January is Alzheimer Awareness Month
If you are caregiver to a loved one suffering from Alzheimer’s, you may need to assist them with proper denture and oral care. In the early and middle stages of the disease, this may mean offering support, reminders, and coaching. In the later stages of the disease, you may need to take over responsibility for this care.
Here are some tips to assist you in maintaining your loved one’s good denture and oral health.
Connect with the patient’s Denturist
Once you have received a diagnosis of Alzheimer’s or another form of dementia, it is important to establish a denture and oral care program as soon as possible. As dementia is a progressive condition (it gets worse over time), scheduling an appointment with a Denturist will help to preserve your loved one’s oral health and reduce the risk of poor oral health developing.
Annual denture check-ups should also be scheduled. This will help the Alzheimer’s patient avoid denture emergencies and ensure optimal denture care, health, and functionality.
Try to maintain a current list of the patient’s medications for your Denturist. Bring this list with you to every Denturist appointment. Some prescription medications can cause dry mouth, involuntary and repetitive tongue and jaw movement, or tooth decay, all of which can adversely affect denture comfort and fit. The better you keep your Denturist informed, the better care and treatment they will be able to provide to your loved one.
Understand that oral care needs will change
In the early stages of dementia, your loved one may be able to carry out their own mouth care and be able to communicate effectively with their Denturist. However, you may need to remind them to do it, supervise them, or provide instruction on how to properly clean their dentures, oral cavity, and any remaining teeth.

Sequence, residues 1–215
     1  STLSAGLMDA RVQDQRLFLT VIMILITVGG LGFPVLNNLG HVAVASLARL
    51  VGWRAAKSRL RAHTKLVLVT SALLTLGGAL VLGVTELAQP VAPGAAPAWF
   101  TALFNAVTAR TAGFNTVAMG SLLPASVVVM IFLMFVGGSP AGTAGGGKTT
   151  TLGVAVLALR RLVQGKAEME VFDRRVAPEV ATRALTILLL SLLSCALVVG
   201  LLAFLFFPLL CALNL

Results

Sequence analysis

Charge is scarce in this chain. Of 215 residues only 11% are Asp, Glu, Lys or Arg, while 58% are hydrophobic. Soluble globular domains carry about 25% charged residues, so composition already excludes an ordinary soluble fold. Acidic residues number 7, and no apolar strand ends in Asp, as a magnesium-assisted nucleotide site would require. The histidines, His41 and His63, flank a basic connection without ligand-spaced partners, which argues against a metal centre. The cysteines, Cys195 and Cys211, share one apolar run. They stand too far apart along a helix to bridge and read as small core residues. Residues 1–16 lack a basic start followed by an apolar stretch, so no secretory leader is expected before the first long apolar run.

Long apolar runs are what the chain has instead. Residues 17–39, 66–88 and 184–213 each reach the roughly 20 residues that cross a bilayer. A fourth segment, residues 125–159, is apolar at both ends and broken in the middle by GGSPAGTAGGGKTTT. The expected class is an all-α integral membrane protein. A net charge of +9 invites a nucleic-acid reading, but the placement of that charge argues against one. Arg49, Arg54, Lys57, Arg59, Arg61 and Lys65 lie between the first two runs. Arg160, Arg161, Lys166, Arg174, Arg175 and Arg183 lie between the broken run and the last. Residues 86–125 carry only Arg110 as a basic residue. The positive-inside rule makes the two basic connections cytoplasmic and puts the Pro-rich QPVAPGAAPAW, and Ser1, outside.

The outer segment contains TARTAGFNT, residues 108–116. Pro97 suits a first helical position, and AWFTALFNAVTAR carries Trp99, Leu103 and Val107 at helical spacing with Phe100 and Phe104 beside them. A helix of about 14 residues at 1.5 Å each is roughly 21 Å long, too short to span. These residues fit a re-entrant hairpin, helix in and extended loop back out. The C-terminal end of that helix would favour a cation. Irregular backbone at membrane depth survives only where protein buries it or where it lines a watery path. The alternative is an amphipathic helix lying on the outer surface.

As Alzheimer’s progresses, your loved one may lose the ability to clean their dentures and oral cavity, stop understanding that their teeth need to be kept clean, or lose interest in doing so. If this happens, you may need to take over this task.
A Denturist can provide guidance and support to help you assist your loved one with proper denture and oral care procedures through all stages of dementia. In early Alzheimer’s, patients may be able to communicate effectively with their Denturist and participate in treatment planning. As the disease progresses, you may need to communicate on behalf of the patient and advocate on behalf of your loved one.
Help prevent denture loss
Due to memory loss related with Alzheimer’s and other forms of dementia, your loved one may become more likely to lose their dentures. Denture loss is also common when people with dementia are in unfamiliar environments, such as care homes, hospice, and community care settings.
The simple act of marking a person’s name on their dentures means that lost dentures can often be returned. Talk to the patient’s Denturist about adding a name to the denture acrylic.
Assist with proper denture care